2To whom correspondence should be addressed.
Submitted July 2, 1997.
Biological aging is a fundamental process observed in almost all living beings. It is characterized by a progressive impairment of biological systems leading to an increase in age-related mortality. The understanding of the mechanisms of aging is of particular interest not only from a general point of view, but it has wide implications for both the human individual and society. Specifically, understanding the basic mechanisms leading to human aging will certainly provide novel strategies to deal with the many different and severe age-related diseases (e.g., different types of cancer, Alzheimer's disease, cardiovascular diseases) and can be expected to increase the quality of life in old age significantly. Despite this obvious significance, it is amazing how little is known about the basis of aging. Currently, it is not clear whether there exists a single conserved mechanism by which all biological systems age, nor is it clear whether or not such a mechanism accounts for aging in a single species. However, beside these and many other open issues, it is clear today that there is a genetic component of aging. It is also clear that age-dependent changes of genetic information play an important role. The processes leading to the observed age-related accumulation of DNA alterations is dependent on two major factors: the rate at which the alterations occur and the ability of the biological system to repair them. In addition, there are a number of different types of DNA alterations known. One group of changes are unspecific and occur randomly. Other alterations result from the differential activity of specific genetic traits (e.g., age-related genes, mobile genetic elements). Moreover, DNA changes may be subtle, occurring at the nucleotide level, or may include larger regions of the genetic information. In this review we focus on the latter type of age-related DNA reorganizations. We will refer to reorganizations which are of special relevance in different biological systems.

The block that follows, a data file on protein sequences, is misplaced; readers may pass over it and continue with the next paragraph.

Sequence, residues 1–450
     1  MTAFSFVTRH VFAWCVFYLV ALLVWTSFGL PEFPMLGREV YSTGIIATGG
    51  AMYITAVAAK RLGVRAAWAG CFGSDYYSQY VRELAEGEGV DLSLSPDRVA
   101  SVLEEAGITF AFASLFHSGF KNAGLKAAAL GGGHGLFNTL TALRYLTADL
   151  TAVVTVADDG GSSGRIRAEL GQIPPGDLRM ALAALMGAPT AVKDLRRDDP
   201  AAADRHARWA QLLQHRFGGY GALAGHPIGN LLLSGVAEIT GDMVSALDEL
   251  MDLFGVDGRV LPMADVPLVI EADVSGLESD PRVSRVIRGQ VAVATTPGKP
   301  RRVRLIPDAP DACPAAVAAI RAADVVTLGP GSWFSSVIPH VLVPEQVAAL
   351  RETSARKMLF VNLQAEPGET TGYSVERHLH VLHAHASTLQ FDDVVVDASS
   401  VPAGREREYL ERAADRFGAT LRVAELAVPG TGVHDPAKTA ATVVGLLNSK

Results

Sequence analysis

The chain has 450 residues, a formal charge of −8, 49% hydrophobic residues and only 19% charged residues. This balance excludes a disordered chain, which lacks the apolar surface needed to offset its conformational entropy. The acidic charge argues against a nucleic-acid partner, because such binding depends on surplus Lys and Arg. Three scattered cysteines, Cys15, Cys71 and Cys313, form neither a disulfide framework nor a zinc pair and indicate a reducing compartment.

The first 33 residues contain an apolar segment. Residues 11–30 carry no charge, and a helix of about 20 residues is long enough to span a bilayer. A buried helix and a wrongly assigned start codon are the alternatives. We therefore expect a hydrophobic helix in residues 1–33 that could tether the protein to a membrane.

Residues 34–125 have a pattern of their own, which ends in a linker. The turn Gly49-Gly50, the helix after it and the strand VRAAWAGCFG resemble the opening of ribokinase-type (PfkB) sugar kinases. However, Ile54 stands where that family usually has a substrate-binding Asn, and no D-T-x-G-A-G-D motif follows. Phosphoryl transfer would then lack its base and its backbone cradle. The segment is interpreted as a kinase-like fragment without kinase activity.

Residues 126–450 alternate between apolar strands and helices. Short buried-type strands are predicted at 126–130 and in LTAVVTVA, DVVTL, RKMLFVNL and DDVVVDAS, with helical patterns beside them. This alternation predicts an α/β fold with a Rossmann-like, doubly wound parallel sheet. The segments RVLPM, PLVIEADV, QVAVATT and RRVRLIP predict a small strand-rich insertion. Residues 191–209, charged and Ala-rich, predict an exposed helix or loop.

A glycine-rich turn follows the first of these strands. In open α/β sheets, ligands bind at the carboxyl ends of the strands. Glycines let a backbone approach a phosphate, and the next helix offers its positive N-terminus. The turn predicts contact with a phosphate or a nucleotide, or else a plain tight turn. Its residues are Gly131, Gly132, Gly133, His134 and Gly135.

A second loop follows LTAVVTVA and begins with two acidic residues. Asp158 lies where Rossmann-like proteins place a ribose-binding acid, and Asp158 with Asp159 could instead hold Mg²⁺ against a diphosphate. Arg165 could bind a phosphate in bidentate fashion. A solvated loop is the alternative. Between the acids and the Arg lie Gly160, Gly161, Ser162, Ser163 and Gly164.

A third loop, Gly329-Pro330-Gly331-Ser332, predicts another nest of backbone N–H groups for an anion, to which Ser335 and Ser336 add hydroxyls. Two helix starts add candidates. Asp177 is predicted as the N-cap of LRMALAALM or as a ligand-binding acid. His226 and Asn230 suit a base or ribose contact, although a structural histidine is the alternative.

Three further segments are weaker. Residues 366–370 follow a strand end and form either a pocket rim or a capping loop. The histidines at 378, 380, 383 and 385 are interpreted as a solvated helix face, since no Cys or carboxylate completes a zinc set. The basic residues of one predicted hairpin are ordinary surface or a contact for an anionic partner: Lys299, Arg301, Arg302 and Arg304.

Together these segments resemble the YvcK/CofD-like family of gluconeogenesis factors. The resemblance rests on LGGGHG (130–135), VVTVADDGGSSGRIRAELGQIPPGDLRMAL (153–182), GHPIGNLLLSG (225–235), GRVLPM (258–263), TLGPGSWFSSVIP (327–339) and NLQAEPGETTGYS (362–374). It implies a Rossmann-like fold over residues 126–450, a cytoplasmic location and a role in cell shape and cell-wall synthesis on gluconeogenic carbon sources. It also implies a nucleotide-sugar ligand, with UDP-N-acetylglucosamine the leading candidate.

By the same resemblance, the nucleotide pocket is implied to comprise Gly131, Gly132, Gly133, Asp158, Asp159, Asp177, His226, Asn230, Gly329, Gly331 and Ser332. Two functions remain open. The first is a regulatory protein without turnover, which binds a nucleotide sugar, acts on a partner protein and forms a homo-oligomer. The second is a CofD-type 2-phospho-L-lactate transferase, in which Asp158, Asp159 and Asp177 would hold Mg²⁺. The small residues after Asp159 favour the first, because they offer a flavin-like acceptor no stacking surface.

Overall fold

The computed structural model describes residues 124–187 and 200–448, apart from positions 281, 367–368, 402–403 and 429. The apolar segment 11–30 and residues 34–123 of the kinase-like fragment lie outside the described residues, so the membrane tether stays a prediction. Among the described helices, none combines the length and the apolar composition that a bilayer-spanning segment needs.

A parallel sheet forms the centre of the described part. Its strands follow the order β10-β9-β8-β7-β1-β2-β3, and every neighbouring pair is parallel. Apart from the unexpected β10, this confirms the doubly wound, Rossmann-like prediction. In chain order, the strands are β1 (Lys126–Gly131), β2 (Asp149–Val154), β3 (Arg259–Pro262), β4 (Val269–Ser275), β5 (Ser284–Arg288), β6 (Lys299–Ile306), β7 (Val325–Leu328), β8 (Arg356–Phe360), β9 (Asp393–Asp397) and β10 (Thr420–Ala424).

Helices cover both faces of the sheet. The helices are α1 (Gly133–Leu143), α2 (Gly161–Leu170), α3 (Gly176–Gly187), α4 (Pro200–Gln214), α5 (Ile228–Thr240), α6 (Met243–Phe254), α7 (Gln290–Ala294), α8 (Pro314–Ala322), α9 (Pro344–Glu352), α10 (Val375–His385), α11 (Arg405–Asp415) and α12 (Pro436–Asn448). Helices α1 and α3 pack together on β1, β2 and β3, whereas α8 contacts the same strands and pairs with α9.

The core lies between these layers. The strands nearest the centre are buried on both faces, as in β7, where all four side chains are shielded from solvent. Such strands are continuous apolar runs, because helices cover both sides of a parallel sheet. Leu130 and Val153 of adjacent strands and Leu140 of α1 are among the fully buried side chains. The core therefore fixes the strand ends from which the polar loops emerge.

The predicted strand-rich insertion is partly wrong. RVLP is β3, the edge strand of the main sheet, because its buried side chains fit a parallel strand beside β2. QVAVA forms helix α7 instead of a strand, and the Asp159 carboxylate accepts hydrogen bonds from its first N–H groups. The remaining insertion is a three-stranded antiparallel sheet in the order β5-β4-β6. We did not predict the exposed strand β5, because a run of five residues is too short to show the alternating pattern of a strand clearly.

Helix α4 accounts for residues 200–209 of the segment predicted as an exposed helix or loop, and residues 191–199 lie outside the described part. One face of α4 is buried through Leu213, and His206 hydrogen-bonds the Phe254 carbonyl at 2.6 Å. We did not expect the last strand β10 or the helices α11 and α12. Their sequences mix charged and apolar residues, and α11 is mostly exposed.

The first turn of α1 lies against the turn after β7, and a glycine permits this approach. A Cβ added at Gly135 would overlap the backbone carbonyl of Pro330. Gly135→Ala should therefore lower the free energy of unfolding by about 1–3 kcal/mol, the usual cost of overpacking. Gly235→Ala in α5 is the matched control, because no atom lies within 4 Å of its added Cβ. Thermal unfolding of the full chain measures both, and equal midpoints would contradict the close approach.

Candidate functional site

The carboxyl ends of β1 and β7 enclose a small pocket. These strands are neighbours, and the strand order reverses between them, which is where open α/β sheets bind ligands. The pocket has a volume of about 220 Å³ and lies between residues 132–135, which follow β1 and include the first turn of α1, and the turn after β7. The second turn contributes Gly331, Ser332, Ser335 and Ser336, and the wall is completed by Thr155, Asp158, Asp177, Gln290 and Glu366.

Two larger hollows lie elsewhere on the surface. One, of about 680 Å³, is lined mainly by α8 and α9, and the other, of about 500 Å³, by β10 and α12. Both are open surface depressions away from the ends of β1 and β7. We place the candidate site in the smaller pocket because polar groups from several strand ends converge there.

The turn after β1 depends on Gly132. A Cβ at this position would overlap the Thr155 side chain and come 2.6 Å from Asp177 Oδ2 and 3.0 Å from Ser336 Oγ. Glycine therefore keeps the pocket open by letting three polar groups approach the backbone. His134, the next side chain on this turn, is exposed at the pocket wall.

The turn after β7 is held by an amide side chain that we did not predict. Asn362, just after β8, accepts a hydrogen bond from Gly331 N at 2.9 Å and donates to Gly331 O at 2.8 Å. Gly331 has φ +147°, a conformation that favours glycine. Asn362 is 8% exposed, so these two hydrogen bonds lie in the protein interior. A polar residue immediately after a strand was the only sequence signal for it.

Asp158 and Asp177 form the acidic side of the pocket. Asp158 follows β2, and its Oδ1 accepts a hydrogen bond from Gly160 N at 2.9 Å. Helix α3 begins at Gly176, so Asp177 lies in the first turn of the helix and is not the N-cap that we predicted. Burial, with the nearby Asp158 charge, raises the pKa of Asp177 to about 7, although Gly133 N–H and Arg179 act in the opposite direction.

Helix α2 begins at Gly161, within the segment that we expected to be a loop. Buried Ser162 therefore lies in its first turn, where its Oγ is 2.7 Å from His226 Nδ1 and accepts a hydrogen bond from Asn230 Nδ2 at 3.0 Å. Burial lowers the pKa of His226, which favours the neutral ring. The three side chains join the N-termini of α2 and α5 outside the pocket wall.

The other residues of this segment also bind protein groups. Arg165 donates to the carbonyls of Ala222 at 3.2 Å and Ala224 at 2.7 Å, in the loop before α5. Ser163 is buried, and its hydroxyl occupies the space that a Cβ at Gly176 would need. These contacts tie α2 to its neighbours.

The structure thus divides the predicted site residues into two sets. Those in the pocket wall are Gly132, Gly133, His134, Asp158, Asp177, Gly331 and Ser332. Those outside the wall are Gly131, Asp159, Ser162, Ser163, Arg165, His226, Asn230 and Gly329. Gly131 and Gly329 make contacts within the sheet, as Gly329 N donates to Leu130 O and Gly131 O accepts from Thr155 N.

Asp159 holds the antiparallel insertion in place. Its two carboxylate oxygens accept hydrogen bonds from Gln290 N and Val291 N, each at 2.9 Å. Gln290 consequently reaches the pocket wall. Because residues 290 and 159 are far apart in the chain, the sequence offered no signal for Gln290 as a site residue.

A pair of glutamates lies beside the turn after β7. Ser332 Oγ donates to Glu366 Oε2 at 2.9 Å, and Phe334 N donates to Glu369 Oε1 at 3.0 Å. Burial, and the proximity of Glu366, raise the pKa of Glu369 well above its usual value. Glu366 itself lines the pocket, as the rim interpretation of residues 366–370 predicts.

KEY WORDS: aging, DNA reorganization, mitochondrial DNA, age-related genes, reactive oxygen species.